Table of Contents
Hypertension is a chronic condition where the blood pressure is regularly higher than normal. Under normal circumstances resting blood pressure should be around 120/80, however, those suffering from high blood pressure will have 140/90 and in severe cases 180/120 readings. One of the biggest issues with hypertension is that it often shows no external signs of the condition, but without detection and treatment it causes many complications. Heart disease, stroke and aneurysms are some of the potential risks with untreated hypertension, hence the need to detect and treat hypertension with medication, diet and exercise are necessary.
High blood pressure damages your arteries and blood vessels, leading to them getting narrow and which in-turn causes even higher pressure as blood is not able to flow freely around your body. This feedback loop is often the cause of heart attacks and other heart complications. Another possible effect is the ballooning of the artery walls that have been weakened through high-blood pressure. This is called an aneurysm and can also burst, which is a life-threatening event. Most common of all, hypertension affects the amount of blood your heart receives which leads to several heart complications like coronary heart disease, enlargement or thickening on the left side of your heart as well as heart failure. High blood pressure can also have a strong negative impact on your liver, kidneys, brain and eyes.
Certain foods can increase blood pressure and should be avoided, foods that decrease blood pressure should be added to your diet. It is important to note that weight gain also increases blood pressure hence maintaining a healthy normal weight is required for all those with hypertension. This might include dieting for weight loss and reducing the amount of food you eat.
Citrus foods such as oranges and lemons have been shown to have a lowering effect on blood pressure when consumed regularly (and coupled with exercise). Some citrus foods might interfere with blood pressure medication such as grapefruit or grapefruit juice, it’s best to speak with your doctor about it.
Regarding fats in your diet, it is generally advised to avoid or lower consumption of trans fats and saturated fats. These can increase your risk of heart disease, however, omega-3 fats have consistently been linked with lower levels of high blood pressure. Fish are potent sources of omega-3 fats, which aid in blood pressure issues by reducing inflammation and cutting down on levels of oxylipins (oxylipins are compounds that promote blood vessel constriction).
Swiss Chard is a leafy green vegetable that contains ample amounts of potassium and magnesium, both of which are great for reducing overall blood pressure. Magnesium blocks calcium channels, which lowers the content of calcium going into the heart and other blood vessel cells, this brings much-needed relaxation to blood flow.
Legumes and beans are also rich in nutrients as well as magnesium and potassium, but they also contain fibre. This combination is excellent at lowering blood pressure, with several studies showing that it can help blood pressure in people with or without hypertension.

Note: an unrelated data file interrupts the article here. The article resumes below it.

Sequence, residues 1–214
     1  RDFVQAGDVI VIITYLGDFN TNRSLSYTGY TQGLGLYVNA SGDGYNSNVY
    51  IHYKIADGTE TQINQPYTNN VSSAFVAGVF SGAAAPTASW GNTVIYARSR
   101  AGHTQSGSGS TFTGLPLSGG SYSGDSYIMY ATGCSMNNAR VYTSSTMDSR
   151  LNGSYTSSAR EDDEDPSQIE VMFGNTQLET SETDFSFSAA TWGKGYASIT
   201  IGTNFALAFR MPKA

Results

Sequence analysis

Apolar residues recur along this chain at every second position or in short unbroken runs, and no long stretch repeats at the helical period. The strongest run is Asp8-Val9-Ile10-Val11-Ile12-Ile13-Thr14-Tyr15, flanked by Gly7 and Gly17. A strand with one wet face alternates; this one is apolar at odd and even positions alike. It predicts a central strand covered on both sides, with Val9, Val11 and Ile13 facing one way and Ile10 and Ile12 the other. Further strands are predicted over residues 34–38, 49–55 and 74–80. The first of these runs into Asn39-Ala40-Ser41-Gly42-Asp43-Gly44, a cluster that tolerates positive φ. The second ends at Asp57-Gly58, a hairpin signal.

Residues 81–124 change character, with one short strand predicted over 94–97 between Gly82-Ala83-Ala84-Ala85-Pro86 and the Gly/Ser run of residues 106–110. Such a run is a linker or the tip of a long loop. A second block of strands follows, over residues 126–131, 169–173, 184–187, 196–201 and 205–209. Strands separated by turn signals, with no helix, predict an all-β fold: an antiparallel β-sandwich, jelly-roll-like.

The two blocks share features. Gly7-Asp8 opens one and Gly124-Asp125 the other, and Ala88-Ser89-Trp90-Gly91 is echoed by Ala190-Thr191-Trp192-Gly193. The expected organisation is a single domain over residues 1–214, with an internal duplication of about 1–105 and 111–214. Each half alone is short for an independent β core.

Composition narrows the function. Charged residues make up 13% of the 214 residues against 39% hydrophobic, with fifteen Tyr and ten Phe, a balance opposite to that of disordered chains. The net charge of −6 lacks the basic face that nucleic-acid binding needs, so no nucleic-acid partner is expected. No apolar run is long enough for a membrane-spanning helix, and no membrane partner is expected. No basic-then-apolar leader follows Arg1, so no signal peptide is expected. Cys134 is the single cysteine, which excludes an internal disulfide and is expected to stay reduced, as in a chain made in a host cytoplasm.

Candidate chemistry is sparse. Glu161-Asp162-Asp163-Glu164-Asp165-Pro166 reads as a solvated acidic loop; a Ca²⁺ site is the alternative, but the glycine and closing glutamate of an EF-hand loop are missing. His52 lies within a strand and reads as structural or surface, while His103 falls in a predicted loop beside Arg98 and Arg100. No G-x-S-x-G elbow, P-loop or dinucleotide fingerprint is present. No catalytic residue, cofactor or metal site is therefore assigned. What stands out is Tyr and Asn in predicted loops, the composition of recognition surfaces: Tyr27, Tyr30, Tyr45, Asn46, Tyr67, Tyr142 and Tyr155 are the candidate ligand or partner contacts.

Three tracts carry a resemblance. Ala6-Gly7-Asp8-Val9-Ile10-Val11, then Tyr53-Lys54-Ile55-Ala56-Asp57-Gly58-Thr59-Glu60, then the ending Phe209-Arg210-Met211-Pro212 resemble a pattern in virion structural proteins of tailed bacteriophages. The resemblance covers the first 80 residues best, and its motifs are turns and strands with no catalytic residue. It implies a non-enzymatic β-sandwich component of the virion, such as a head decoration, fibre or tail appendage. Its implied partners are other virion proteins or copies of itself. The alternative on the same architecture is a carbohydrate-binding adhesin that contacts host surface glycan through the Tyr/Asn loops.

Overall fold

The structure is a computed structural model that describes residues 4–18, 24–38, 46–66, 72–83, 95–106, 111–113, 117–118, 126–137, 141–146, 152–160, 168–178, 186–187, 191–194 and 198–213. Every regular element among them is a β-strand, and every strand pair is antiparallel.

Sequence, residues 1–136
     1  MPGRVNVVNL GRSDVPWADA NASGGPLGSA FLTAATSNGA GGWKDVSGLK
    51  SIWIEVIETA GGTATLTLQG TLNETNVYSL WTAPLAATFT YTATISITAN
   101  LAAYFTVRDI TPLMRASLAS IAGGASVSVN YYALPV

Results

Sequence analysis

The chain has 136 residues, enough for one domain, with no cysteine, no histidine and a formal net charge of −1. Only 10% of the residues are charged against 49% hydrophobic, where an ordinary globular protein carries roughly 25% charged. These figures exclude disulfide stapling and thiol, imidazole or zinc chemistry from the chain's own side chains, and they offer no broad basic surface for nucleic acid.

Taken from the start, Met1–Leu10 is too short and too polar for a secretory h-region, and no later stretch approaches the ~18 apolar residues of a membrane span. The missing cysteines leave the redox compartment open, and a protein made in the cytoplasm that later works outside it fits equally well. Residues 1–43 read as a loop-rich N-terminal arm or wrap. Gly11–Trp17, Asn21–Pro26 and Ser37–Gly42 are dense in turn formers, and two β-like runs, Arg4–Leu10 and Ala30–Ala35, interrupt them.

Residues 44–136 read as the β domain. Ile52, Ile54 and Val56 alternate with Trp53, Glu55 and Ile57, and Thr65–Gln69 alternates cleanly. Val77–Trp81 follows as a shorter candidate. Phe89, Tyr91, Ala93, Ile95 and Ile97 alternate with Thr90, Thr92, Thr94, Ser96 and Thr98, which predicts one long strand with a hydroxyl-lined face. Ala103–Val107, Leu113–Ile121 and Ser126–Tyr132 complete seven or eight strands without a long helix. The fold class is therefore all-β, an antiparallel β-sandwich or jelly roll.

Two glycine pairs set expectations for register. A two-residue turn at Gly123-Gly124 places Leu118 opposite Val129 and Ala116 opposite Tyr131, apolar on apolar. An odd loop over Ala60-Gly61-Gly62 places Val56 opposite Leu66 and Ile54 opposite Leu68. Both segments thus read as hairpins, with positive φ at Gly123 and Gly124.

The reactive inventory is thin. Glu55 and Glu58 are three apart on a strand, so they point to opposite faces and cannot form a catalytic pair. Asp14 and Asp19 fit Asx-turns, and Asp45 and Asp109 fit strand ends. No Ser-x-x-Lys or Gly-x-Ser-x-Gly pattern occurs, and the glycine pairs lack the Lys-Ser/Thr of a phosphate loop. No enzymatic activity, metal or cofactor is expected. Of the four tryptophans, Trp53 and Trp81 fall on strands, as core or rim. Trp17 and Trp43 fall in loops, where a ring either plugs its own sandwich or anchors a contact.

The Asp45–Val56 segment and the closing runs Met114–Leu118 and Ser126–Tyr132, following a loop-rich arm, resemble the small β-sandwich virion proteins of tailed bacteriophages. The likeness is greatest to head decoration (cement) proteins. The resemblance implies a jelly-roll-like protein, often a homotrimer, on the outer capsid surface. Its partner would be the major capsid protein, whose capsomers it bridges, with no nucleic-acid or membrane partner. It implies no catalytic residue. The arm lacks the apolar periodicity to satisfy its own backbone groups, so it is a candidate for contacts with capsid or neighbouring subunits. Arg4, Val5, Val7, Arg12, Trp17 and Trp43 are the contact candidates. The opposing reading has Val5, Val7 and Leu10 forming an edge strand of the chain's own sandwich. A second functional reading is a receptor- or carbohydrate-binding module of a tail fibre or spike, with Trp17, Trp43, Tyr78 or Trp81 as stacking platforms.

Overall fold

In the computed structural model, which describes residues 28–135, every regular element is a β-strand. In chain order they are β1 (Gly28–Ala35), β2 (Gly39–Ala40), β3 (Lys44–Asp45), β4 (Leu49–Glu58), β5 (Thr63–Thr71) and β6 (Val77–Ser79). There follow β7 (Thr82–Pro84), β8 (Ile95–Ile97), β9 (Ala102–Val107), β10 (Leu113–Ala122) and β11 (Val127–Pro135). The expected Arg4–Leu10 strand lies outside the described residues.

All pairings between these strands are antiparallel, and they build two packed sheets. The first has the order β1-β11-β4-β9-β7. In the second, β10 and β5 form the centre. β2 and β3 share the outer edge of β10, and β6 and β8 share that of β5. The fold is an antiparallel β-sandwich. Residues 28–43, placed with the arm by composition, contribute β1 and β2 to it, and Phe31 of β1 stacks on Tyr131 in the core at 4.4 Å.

For antioxidant-rich food, berries of all kinds are good for those with hypertension. In berries, the bright colouring comes from anthocyanins, which are pigments that have anti-oxidising properties. While the research is still limited, the general consensus is that blueberries, strawberries, raspberries, etc., all have pressure-lowering abilities of some strength.
Pistachios are nutrient and flavour-rich nuts, containing plenty of nutrients (including potassium) that encourage healthy heart function and proper blood circulation. Among all nuts, a review of multiple studies shows that pistachios had the strongest effect on any actual reduction of blood pressure. If you’re going to include nuts in your diet for lowering hypertension, make sure pistachios are one of them. If you’re allergic to any other nuts you might also have an allergic reaction when consuming pistachios, kindly check with your doctor in advance.
While vegetables like carrots, celery, tomatoes as well as tomato products are great for a common healthy diet, they are also exceptionally good to help lower blood pressure.
Carrots contain chlorogenic, p-coumaric as well as caffeic acids which help relax blood vessels, this in turn, can have lowering effects on your blood pressure. Similarly, celery and tomatoes contain various nutrients like phthalides and lycopene respectively, which both contribute to better blood pressure.
While these foods can help, it is important to make changes to your lifestyle as well. These may include cutting down or stopping smoking/alcohol, getting more regular exercise and stress management. Fast food will need to be cut out from your diet, especially high fat-content items and possibly high sugar beverages as well. These have a tendency of causing inflammation in the arteries. Your doctor will also prescribe medications that you might need to take on a daily basis, or if your hypertension is mild you might be prescribed medication to take only when your pressure gets too high. Most sufferers of hypertension need to take daily measurements of their blood pressure and share this data regularly with their doctor, this is part of the treatment and management for the disease.
For more information on treatment options, you can always talk to a doctor online on DocsApp.